Consider integrating your website and membership management platform to provide a more dynamic activities page. For example, if you have an event with limited slots, you can update the number of remaining spaces in real time as your system processes sign-ups and automatically syncs that information to your website. 

4. Facilitate communication between members. 

Your current membership base is one of your association’s strongest benefits as many new members will join in order to connect with your community. Additionally, members who form connections with one another are more likely to stay with your association long-term and engage in social events more often. 

You can encourage members to get to know one another by:

  • Creating a member directory. Encourage members to create profiles when they join their association that list their name, profession, alma mater, interests, and any other information that may help them find other members they wish to connect with. Use this information to create a searchable membership directory that allows members to find and reach out to one another. 

  • Mentorship opportunities. New members may be hesitant or unsure how to get in touch with the rest of your community. Create a mentorship program to connect new and senior members. Doing so will demonstrate immediate value for members by building a new connection for them, while also introducing them to someone who can provide specific insight into how to get more involved with your organization.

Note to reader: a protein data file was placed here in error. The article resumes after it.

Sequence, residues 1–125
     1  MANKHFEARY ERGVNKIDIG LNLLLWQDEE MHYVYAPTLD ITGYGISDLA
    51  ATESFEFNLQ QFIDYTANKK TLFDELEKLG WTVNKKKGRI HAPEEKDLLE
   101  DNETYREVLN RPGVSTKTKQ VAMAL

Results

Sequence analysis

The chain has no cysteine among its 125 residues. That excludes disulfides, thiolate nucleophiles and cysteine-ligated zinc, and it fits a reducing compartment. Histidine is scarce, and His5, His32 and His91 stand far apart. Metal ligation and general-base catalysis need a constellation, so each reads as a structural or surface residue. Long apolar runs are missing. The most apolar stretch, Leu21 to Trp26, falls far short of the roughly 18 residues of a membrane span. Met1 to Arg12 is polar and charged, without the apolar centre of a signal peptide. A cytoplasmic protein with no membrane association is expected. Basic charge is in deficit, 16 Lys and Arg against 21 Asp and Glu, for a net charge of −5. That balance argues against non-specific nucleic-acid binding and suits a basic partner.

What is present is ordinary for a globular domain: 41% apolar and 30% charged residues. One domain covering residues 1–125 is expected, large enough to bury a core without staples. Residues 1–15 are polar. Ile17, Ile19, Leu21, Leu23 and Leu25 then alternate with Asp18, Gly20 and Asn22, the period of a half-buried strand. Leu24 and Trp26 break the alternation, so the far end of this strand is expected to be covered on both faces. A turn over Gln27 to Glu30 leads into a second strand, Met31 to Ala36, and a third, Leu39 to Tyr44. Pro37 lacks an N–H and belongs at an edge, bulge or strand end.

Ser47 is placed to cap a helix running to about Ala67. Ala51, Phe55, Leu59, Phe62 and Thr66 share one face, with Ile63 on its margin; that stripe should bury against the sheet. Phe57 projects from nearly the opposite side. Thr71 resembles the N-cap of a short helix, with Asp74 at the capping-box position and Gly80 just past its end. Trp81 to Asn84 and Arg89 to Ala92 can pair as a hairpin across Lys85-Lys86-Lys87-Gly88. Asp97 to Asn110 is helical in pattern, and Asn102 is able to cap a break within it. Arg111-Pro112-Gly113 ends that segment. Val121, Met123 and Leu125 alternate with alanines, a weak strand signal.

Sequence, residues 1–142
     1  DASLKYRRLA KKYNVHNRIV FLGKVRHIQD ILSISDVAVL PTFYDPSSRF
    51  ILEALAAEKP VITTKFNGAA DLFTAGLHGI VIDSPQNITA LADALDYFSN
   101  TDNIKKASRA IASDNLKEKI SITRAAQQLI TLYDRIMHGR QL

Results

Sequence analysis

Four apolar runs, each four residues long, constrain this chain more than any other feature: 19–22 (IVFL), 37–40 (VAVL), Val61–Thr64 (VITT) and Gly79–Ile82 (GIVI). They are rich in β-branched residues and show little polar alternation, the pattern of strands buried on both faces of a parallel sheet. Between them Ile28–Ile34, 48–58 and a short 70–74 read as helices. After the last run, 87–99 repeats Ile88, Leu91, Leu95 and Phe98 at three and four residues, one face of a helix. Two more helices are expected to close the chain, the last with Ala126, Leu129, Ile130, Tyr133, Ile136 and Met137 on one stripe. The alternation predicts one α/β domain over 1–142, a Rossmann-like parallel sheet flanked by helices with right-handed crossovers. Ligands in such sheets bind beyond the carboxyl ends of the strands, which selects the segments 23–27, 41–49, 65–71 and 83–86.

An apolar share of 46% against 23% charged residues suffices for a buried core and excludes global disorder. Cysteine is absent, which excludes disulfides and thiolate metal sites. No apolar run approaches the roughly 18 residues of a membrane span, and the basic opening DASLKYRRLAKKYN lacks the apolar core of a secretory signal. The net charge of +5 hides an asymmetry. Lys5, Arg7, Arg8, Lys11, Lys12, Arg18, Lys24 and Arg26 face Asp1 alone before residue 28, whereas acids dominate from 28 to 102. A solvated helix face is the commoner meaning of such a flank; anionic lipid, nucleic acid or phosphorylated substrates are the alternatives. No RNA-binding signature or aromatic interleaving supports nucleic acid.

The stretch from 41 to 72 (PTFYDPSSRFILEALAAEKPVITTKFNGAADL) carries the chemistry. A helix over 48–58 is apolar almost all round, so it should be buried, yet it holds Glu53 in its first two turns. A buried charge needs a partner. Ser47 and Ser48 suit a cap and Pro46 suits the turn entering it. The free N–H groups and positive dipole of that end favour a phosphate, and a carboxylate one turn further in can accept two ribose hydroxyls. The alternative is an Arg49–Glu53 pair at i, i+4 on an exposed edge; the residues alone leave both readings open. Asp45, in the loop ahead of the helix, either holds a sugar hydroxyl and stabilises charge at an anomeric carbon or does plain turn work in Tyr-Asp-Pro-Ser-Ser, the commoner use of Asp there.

• Facilitating opportunities for conversation between members. While some members will be willing to take the initiative to reach out to others, providing opportunities for conversation can help members get to know each other naturally. You can jump start conversations by creating places where members are invited to comment or respond to questions, such as on your social media posts or forums hosted on your website. 

Empowering members to openly communicate with each other can also benefit your association in ways other than improving retention. For example, you might create an open-ended help forum in which new members can ask questions or troubleshoot technical issues they may be experiencing and receive answers from the rest of your community. This approach gets members talking to one another and saves your association staff’s time. 



High engagement means more members attending events, reading your content, building relationships, and promoting your association to friends and family. To improve your members’ engagement, offer them multiple ways to get involved, and leverage your software to build accessible online experiences. 

Share this post:

Comments on "4 Tips for Maximizing Your Association’s Member Engagement"

Comments 0-5 of 0

Please login to comment